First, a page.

The Interior Ministry ordered security authorities to enforce a public weapons carrying ban in the capital city on Saturday.
The ban is actually a part of a 1992 firearms organizational law that has been loosely enforced.
The law stipulates a ban on carrying firearms unless permitted by concerned authorities.
Following a year of increased assassinations, officials say the plan to implement the ban is in line with a larger security campaign that has been beefed up in anticipation of the National Dialogue Conference.
Dr. Omar Abdulkareem, Sana’a’s general security chief, said the ban is not just applicable to public markets, but includes mosques, as well as parks.
Abdulkareem added that police cars are also prohibited from entering public markets with weapons unless officially assigned to a task.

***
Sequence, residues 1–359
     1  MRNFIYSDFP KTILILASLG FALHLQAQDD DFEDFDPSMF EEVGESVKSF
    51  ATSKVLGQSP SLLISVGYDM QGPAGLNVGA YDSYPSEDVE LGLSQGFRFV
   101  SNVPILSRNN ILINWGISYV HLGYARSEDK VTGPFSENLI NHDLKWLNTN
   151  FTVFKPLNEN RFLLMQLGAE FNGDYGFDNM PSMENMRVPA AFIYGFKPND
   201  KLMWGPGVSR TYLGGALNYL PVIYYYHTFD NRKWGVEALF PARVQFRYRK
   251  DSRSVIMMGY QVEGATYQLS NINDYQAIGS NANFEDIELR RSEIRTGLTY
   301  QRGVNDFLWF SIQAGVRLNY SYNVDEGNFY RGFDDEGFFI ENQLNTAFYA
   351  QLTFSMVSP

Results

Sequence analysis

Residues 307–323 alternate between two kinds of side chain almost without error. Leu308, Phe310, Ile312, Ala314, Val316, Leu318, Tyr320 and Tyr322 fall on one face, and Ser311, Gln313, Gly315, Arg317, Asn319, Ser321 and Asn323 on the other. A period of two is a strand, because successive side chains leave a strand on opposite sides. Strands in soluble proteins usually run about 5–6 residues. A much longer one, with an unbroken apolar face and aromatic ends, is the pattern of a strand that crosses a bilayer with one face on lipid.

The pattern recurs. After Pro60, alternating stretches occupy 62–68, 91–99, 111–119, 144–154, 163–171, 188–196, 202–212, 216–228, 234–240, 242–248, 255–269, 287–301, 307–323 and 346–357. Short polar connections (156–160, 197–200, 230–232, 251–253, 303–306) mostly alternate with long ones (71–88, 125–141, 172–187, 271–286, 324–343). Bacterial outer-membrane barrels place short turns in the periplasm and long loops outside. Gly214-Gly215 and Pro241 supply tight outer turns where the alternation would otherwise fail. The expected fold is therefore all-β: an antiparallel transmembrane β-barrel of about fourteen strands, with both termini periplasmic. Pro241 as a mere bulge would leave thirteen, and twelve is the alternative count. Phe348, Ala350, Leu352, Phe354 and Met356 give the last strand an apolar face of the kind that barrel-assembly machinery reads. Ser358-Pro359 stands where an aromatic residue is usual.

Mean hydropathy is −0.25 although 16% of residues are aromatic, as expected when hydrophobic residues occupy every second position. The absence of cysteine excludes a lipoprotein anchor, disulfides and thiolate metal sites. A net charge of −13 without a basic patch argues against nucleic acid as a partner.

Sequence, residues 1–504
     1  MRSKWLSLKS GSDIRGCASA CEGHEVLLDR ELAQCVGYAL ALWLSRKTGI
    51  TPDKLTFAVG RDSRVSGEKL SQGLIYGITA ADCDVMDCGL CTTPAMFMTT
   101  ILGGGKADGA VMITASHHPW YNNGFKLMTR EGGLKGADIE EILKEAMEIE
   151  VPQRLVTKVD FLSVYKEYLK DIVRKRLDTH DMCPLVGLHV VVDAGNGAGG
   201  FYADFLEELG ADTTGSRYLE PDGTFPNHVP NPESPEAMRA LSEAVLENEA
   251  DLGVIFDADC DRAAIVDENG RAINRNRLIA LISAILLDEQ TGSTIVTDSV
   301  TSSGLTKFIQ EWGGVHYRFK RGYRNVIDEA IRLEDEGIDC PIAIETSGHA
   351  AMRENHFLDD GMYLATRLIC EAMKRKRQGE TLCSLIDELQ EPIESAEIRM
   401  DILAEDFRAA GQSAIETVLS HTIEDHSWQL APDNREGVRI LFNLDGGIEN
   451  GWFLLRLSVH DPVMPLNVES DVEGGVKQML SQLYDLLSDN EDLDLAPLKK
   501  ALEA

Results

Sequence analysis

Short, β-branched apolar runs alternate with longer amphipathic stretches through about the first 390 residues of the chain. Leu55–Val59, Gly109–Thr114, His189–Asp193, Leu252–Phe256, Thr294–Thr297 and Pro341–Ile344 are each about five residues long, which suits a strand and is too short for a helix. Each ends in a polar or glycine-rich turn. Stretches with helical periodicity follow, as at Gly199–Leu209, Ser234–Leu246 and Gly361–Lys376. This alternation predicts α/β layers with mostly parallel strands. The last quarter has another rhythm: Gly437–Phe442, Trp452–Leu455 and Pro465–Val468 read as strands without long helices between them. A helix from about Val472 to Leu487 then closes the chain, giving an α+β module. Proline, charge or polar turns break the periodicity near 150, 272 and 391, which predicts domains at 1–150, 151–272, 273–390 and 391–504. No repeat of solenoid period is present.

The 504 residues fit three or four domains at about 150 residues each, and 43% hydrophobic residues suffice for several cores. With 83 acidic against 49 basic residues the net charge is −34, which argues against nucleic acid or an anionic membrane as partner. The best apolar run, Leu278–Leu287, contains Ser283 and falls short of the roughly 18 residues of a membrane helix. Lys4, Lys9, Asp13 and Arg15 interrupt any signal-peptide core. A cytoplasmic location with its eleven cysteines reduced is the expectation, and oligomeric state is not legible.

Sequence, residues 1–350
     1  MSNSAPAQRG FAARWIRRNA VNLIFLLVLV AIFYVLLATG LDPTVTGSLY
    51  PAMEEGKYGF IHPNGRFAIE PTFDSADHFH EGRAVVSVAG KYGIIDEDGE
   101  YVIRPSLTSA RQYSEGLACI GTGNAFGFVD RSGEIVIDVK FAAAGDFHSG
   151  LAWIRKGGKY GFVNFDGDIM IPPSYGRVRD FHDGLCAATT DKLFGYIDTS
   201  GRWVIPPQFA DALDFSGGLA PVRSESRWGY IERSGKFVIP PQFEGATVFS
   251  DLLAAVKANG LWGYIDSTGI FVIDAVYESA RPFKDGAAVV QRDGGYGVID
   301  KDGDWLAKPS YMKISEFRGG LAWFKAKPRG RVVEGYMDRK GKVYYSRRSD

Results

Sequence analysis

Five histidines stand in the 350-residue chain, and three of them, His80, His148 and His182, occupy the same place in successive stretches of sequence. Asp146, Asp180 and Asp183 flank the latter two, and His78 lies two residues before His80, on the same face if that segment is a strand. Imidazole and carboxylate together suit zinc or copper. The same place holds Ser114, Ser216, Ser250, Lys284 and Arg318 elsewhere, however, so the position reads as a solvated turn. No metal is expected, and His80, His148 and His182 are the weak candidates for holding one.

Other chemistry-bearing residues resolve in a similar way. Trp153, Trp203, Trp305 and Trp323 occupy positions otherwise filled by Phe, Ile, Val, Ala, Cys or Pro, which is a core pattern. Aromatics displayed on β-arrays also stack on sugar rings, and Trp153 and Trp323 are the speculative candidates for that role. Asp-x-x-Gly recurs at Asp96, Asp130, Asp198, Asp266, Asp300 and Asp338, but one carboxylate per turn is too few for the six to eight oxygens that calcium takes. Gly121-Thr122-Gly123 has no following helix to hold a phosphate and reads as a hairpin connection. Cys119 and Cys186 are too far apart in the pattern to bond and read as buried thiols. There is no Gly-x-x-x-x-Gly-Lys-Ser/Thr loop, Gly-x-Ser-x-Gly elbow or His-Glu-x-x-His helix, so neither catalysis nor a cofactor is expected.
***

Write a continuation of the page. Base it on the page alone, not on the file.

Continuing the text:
“The issue of a spread of weapons in public places is a worrying matter, it is also inappropriate and unacceptable,” said Colonel Adlulla Al-Darb, the manager of public relations for the Reinforcement Forces Department said.
Al-Darb said locals have initially appeared enthusiastic to abide by the new law.
“We are glad weapons carrying will be banned in the capital city,” said Mohammed Yahia Al-Lakama, a local Sana’a resident, who has personally been affected by the public use of weapons.
His nephew was killed in December of 2012 near Shumaila market after a person indiscriminately opened fire.
The capital secretariat has urged locals in Sana’a to call their local police station if they see violators of the new ban.
However, the capital secretariat has no plan as to how receive the calls.
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